disruptions of capital and trading markets;
changes in import or export licensing requirements;
transportation delays;
civil disturbances or political instability;
geopolitical turmoil, including terrorism, war or political or military coups;
public health emergencies;
differing employment practices and labor standards;
limitations on our ability under local laws to protect our intellectual property;
local business and cultural factors that differ from our customary standards and practices;
nationalization and expropriation;
changes in tax laws;
currency fluctuations relating to our international operating activities; and
difficulty in obtaining distribution and support.

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In addition to a significant portion of our wafer supply coming from Singapore, China and Malaysia, substantially all of our products undergo packaging and final test in Taiwan. Any conflict or uncertainty in this country, including due to natural disaster or public health or safety concerns, could have a material adverse effect on our business, financial condition and results of operations. In addition, if the government of any country in which our products are manufactured or sold sets technical standards for products manufactured in or imported into their country that are not widely shared, it may lead some of our customers to suspend imports of their products into that country, require manufacturers in that country to manufacture products with different technical standards and disrupt cross-border manufacturing relationships which, in each case, could have a material adverse effect on our business, financial condition and results of operations.
We also are subject to risks associated with international political conflicts involving the U.S. government. For example, in 2008 we were instructed by the U.S. Department of Homeland Security to cease using Polar Star International Company Limited, a distributor based in Hong Kong, that delivered third-party products, to a political group that the U.S. government did not believe should have been provided with the products in question. As a result, we immediately ceased all business operations with that distributor. The loss of Polar Star as a distributor did not materially delay shipment of our products because Polar Star was a non-exclusive distributor and we had in place alternative distribution arrangements. However, we cannot provide assurances that similar disruptions of distribution arrangements in the future will not result in delayed shipments until we are able to identify alternative distribution channels, which could include a requirement to increase our direct sales efforts. Loss of a key distributor under similar circumstances could have an adverse effect on our business, revenues and operating results.
If we suffer losses to our facilities or distribution system due to catastrophe, our operations could be seriously harmed.
Our facilities and distribution system, and those of our third-party contractors, are subject to risk of catastrophic loss due to fire, flood or other natural or man-made disasters. A number of our facilities and those of our contract manufacturers are located in areas with above average seismic activity. The foundries that manufacture all of our wafers are located in Taiwan, Singapore, Malaysia and China, and all of the third-party contractors who assemble and test our products also are located in Asia. In addition, our headquarters are located in Southern California. The risk of an earthquake in the Pacific Rim region or Southern California is significant due to the proximity of major earthquake fault lines. For example, in 2002 and 2003, major earthquakes occurred in Taiwan. Any catastrophic loss to any of these facilities would likely disrupt our operations, delay production, shipments and revenue and result in significant expenses to repair or replace the facility.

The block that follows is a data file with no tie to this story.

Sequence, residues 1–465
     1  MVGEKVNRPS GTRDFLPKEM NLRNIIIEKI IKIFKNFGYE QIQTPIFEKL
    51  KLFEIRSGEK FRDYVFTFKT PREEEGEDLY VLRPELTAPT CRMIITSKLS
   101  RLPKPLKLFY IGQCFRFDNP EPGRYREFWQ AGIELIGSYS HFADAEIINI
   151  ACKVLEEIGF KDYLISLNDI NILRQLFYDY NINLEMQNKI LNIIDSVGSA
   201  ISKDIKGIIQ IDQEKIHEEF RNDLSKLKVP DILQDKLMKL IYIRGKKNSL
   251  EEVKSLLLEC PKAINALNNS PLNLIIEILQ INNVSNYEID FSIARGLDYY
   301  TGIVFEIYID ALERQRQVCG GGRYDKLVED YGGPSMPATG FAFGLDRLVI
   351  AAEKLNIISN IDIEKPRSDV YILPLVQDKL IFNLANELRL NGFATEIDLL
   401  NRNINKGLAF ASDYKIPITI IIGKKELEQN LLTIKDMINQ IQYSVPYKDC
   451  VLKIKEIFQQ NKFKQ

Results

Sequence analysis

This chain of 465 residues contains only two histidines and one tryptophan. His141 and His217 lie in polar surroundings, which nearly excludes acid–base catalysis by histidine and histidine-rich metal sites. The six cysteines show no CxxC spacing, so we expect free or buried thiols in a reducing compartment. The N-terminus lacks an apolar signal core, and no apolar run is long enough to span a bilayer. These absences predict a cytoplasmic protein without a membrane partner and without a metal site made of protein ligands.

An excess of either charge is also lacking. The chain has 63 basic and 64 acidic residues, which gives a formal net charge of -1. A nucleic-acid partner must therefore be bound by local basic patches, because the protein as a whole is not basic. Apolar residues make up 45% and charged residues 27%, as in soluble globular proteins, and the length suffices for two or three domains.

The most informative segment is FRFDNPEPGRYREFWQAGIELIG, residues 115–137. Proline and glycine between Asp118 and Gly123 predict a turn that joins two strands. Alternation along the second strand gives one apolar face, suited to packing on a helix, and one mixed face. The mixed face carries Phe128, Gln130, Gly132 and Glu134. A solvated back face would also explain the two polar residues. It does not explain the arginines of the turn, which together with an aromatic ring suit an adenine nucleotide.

Our business is subject to various governmental regulations, and compliance with these regulations may cause us to incur significant expenses. If we fail to maintain compliance with applicable regulations, we may be forced to recall products and cease their manufacture and distribution, and we could be subject to civil or criminal penalties.
Our business is subject to various international and U.S. laws and other legal requirements, including packaging, product content, labor, import/export control regulations, and the Foreign Corrupt Practices Act. These regulations are complex, change frequently and have generally become more stringent over time. We may be required to incur significant costs to comply with these regulations or to remedy violations. Any failure by us to comply with applicable government regulations could result in cessation of our operations or portions of our operations, product recalls or impositions of fines and restrictions on our ability to conduct our operations. In addition, because many of our products are regulated or sold into regulated industries, we must comply with additional regulations in marketing our products.
Our products and operations are also subject to the rules of industrial standards bodies, like the International Standards Organization, as well as regulation by other agencies, such as the U.S. Federal Communications Commission. If we fail to adequately address any of these rules or regulations, our business could be harmed.
For example, the SEC recently adopted a final rule to implement Section 1502 of the Dodd-Frank Wall Street Reform and Consumer Protection Act, which requires new disclosures concerning the use of conflict minerals, generally tantalum, tin, gold, or tungsten, that originated in the Democratic Republic of the Congo or an adjoining country. These disclosures are required whether or not these products containing conflict minerals are manufactured by us or third parties. Verifying the source of any conflict minerals in our products will create additional costs in order to comply with the new disclosure requirements and we may not be able to certify that the metals in our products are conflict free, which may create issues with our customers. In addition, the new rule may affect the pricing, sourcing and availability of minerals used in the manufacture of our products.